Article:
Above this people when they go astray. 
Is Whitman, the strong spirit, overworn? 
Has Whittier put his yearning wrath away? 
I will not and I dare not yet believe! 
Though furtively the sunlight seems to grieve, 
And the spring-laden breeze 
Out of the gladdening west is sinister 
With ...Read more of this...



by Frost, Robert
...within there? Bestir you, bestir you!
'Tis summer again; there's two come for roses.

'A word with you, that of the singer recalling--
Old Herrick: a saying that every maid knows is
A flower unplucked is but left to the falling,
And nothing is gained by not gathering roses.'

We do not loosen our hands' intertwining
(Not caring so very much what she supposes),
There when she comes on us mistily shining
And grants us by silence the boon of her roses....Read more of this...

by Whitman, Walt
...d from the trees, or trees from the earth, than they are shed out
 of
 you. 

5
When the psalm sings instead of the singer;
When the script preaches instead of the preacher; 
When the pulpit descends and goes, instead of the carver that carved the supporting desk; 
When I can touch the body of books, by night or by day, and when they touch my body back
 again;

When a university course convinces, like a slumbering woman and child convince; 
When the minted gold in the vau...Read more of this...

by Whitman, Walt
...rd of immortality; 
No one can acquire for another—not one! 
Not one can grow for another—not one!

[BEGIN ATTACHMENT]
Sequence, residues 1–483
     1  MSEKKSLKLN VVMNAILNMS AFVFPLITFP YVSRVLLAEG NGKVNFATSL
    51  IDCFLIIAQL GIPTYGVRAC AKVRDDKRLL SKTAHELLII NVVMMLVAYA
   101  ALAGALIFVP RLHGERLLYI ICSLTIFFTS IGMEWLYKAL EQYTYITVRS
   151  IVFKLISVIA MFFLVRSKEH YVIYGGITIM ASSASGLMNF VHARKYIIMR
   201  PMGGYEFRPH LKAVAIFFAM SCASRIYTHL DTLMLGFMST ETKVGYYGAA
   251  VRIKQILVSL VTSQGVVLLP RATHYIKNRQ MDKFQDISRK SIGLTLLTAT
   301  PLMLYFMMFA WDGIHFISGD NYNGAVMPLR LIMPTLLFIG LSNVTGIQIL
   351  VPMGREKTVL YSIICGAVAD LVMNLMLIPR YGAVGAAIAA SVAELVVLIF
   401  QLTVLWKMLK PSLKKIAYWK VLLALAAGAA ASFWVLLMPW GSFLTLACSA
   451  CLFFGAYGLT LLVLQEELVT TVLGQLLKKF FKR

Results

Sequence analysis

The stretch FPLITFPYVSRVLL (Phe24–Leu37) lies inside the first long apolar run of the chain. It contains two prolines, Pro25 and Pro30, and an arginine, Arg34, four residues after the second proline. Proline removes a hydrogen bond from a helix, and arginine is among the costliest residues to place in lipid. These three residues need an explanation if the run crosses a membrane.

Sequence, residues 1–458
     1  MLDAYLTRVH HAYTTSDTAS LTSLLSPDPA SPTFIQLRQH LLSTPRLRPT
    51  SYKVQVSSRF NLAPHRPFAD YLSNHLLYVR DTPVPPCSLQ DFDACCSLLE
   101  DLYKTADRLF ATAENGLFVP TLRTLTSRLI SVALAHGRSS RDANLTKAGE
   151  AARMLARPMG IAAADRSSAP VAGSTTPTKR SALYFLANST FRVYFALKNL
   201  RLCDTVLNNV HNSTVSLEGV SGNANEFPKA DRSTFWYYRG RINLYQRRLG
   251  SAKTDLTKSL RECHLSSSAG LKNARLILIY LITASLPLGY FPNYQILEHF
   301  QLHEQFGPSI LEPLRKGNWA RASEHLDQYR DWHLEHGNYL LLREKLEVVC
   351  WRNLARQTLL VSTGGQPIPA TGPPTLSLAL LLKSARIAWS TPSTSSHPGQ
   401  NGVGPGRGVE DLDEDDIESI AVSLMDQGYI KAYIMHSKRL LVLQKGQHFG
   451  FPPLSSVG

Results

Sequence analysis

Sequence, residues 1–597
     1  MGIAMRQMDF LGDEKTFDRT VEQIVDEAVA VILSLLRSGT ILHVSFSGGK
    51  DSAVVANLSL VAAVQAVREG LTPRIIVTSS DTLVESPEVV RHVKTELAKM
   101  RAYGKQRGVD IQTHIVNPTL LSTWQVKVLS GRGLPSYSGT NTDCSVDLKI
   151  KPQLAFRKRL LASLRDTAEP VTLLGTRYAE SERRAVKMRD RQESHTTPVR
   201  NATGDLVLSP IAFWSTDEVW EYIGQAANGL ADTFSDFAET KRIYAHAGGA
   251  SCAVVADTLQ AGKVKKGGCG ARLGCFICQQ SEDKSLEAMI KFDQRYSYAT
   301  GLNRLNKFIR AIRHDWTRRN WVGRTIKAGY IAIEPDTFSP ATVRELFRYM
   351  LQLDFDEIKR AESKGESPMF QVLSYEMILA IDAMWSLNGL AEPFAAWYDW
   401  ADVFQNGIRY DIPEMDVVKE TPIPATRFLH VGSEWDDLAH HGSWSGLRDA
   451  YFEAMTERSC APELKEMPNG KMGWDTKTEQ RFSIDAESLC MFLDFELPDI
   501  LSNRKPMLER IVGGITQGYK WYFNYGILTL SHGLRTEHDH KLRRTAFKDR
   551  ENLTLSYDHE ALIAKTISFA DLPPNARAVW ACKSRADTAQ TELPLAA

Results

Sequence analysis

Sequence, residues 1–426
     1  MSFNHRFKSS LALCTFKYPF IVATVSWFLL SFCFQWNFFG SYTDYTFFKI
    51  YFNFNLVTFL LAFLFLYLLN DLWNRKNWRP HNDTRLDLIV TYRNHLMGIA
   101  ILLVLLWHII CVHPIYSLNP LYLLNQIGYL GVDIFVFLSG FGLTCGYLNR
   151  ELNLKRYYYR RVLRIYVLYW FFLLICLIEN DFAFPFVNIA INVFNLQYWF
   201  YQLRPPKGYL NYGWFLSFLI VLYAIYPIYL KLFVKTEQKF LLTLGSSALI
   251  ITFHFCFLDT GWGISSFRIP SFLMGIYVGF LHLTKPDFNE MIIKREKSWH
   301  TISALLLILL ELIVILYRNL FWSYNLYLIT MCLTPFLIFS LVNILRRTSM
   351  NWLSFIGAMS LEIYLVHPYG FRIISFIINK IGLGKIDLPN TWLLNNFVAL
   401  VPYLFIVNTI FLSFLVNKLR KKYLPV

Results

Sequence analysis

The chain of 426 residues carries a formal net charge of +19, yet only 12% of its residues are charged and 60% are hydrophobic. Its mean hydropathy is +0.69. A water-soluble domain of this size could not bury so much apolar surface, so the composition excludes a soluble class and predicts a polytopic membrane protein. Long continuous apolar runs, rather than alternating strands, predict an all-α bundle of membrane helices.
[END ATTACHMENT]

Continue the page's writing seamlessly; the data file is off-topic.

The song is to the singer, and comes back most to him; 
The teaching is to the teacher, and comes back most to him;
The murder is to the murderer, and comes back most to him; 
The theft is to the thief, and comes back most to him; 
The love is to the lover, and comes back most to him; 
The gift is to the giver, and comes back most to him—it cannot fail; 
The oration is to the ...Read more of this...

by Sexton, Anne
...dance.
That's the way with stepmothers.

Cinderella went to the tree at the grave
and cried forth like a gospel singer:
Mama! Mama! My turtledove,
send me to the prince's ball!
The bird dropped down a golden dress
and delicate little slippers.
Rather a large package for a simple bird.
So she went. Which is no surprise.
Her stepmother and sisters didn't
recognize her without her cinder face
and the prince took her hand on the spot
and danced with no oth...Read more of this...

by Longfellow, Henry Wadsworth
...ong weeks he sat lamenting,
Uttering still this moan of sorrow:
"He is dead, the sweet musician!